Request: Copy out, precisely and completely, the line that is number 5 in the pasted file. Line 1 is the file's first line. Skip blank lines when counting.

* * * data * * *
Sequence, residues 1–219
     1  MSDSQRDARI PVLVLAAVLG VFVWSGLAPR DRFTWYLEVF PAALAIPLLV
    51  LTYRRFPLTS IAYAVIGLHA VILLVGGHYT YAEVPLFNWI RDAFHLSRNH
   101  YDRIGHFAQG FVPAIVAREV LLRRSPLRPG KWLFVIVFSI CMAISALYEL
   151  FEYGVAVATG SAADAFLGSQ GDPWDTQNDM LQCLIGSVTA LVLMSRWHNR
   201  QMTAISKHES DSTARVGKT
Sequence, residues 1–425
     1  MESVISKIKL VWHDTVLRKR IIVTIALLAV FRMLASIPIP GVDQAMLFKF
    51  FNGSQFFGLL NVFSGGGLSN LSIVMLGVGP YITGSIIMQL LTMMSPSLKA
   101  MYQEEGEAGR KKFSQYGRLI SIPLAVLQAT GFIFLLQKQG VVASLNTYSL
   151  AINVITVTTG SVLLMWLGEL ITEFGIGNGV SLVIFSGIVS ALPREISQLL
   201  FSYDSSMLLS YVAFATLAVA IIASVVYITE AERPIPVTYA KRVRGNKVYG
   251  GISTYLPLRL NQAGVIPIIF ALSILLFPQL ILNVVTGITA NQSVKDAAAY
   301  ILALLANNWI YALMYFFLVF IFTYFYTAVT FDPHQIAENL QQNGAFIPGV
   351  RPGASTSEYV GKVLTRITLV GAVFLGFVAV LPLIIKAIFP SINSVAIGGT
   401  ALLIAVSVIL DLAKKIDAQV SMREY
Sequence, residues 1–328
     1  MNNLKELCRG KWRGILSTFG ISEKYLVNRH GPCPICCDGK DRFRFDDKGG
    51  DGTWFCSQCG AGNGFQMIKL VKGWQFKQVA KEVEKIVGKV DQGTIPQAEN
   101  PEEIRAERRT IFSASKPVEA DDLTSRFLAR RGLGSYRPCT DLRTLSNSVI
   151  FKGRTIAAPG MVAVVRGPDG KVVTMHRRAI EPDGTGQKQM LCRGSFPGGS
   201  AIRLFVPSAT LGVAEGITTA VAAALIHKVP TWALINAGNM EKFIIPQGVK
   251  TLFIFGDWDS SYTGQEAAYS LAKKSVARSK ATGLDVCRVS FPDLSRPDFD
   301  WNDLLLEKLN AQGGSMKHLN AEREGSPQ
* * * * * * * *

   151  FEYGVAVATG SAADAFLGSQ GDPWDTQNDM LQCLIGSVTA LVLMSRWHNR